One thing I’ve learned from decades of teaching is perspectives that emerge from my students will never stop surprising me. At 20 years old, all older adults occupy the audience of the student on the stage, and we all ask the same questions. What are you going to do? This week a student told me of their plans.
When the student finished their story, they added, “But I’ve thought about your job, you know? Teaching something you love…Just, sort of, as a backup plan if I don’t get in to […].”
I nodded, surprised but trying hard to hide it, while an undergrad diagnosed my life as a backup plan.
But it got me thinking about paths unexplored, chances missed, other parallel universes where my life is different, rowdier, exciting, perhaps unequivocally not a backup plan by any measure.
Now, I’m pretty old and I’ve done a lot of things. Many of them I could not have predicted while still in college. I did not know I would run half marathons. Or earn a PhD. Or write novels and children’s books. Or learn to play piano at my half-life. Or bake two dozen pies in a year. Or blog for 80 consecutive Tuesdays about a pandemic that would not end. Or meet with my sisters and mom for an hour online every Saturday. Or coach Odyssey of the Mind. Or drive a boat for water skiers. Or swear like a sailor. Or leave my engineering job to teach impossible organic chemistry to thousands of students. I could not have foreseen any of these backup plans when I was very young.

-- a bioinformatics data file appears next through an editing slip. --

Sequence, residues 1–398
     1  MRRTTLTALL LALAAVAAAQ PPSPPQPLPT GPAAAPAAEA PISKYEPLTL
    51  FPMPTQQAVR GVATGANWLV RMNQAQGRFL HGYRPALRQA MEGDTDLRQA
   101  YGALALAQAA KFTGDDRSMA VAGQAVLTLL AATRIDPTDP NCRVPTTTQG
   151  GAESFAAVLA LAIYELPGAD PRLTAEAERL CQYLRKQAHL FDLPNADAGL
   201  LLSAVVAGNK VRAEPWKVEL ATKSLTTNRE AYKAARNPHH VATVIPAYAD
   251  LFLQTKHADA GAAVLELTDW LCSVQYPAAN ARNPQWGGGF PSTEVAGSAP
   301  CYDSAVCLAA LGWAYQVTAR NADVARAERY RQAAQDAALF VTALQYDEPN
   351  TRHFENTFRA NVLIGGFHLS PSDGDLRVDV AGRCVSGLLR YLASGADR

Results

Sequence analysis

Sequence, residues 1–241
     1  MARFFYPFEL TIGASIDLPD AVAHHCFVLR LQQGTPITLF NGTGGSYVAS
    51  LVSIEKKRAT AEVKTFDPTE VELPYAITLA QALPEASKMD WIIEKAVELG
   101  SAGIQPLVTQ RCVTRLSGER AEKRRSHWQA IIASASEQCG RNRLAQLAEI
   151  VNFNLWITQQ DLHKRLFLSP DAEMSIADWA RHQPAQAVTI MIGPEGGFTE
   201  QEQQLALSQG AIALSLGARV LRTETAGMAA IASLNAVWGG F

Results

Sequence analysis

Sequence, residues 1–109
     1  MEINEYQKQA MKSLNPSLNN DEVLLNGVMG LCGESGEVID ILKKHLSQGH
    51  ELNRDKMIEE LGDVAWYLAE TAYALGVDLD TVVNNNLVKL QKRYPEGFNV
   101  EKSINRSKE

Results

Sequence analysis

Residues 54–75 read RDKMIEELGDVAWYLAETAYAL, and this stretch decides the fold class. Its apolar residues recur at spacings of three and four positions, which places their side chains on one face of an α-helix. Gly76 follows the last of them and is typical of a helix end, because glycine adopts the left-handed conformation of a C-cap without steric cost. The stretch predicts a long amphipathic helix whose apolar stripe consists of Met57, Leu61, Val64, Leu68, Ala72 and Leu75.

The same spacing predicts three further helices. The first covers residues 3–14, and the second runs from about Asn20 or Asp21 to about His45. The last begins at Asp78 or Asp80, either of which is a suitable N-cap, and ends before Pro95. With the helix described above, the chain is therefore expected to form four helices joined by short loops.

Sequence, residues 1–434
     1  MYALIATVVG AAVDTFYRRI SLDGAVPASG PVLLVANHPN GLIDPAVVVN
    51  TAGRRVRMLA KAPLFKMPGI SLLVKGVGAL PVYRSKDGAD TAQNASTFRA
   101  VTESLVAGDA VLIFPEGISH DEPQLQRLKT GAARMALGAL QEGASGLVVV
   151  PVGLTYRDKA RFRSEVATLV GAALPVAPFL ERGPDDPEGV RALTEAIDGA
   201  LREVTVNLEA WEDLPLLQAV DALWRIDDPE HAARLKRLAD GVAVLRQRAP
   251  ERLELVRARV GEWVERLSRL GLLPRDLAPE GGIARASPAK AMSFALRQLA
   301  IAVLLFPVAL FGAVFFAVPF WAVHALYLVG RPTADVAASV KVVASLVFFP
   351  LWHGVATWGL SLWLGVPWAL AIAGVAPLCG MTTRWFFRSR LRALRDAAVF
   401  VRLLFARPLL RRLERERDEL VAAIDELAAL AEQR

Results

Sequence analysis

And I have no idea what backup plans await.
Most students are laser-focused on one single goal. They have stated that goal so often, so loudly, with so much conviction to so many people they feel devastated when they change their minds, either by failing a course or admitting to an alternative passion. We must let them change their minds and expand their futures without feeling guilty or otherwise badly about themselves. The whole point of college is to change one’s mind.